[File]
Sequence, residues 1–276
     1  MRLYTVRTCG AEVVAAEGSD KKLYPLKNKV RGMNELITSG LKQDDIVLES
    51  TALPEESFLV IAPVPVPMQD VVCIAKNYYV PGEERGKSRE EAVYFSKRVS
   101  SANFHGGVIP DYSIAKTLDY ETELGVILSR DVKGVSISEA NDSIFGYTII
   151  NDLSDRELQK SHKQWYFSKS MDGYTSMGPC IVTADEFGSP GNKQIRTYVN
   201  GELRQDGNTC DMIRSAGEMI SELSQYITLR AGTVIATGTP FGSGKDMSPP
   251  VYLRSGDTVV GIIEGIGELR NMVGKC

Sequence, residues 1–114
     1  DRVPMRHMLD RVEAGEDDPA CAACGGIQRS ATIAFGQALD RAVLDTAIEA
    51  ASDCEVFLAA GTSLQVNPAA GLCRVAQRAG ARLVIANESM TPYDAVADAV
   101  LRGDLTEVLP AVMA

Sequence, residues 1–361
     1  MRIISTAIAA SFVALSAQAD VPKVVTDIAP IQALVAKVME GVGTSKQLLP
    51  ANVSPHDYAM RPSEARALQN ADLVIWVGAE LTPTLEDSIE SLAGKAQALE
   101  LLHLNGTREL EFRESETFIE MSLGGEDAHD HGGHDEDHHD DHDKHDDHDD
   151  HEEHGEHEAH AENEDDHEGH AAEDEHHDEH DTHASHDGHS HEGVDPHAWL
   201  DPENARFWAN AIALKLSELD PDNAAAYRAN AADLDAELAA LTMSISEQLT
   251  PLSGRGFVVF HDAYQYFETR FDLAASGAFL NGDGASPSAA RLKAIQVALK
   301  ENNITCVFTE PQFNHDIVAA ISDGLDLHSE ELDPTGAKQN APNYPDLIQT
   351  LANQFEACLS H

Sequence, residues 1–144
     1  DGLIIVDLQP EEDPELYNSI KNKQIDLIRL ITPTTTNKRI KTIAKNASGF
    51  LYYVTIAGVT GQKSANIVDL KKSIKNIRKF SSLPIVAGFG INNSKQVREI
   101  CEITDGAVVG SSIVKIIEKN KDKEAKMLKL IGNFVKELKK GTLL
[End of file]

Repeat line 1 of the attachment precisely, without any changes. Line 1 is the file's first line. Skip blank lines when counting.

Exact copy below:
Sequence, residues 1–276